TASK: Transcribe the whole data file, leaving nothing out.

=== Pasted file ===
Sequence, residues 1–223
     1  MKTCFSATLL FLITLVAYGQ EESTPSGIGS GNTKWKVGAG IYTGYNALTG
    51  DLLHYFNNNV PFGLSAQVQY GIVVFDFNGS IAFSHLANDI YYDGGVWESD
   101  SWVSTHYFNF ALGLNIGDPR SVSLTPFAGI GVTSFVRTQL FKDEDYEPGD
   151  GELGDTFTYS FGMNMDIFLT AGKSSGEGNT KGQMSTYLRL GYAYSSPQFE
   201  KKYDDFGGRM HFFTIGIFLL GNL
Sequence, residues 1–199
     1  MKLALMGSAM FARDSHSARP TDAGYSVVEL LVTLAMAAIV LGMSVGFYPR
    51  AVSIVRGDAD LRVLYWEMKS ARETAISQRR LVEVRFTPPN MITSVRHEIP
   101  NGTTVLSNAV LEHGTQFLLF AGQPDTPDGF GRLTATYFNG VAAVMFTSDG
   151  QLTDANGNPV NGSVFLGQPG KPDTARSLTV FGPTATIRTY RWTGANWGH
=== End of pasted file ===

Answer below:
Sequence, residues 1–223
     1  MKTCFSATLL FLITLVAYGQ EESTPSGIGS GNTKWKVGAG IYTGYNALTG
    51  DLLHYFNNNV PFGLSAQVQY GIVVFDFNGS IAFSHLANDI YYDGGVWESD
   101  SWVSTHYFNF ALGLNIGDPR SVSLTPFAGI GVTSFVRTQL FKDEDYEPGD
   151  GELGDTFTYS FGMNMDIFLT AGKSSGEGNT KGQMSTYLRL GYAYSSPQFE
   201  KKYDDFGGRM HFFTIGIFLL GNL
Sequence, residues 1–199
     1  MKLALMGSAM FARDSHSARP TDAGYSVVEL LVTLAMAAIV LGMSVGFYPR
    51  AVSIVRGDAD LRVLYWEMKS ARETAISQRR LVEVRFTPPN MITSVRHEIP
   101  NGTTVLSNAV LEHGTQFLLF AGQPDTPDGF GRLTATYFNG VAAVMFTSDG
   151  QLTDANGNPV NGSVFLGQPG KPDTARSLTV FGPTATIRTY RWTGANWGH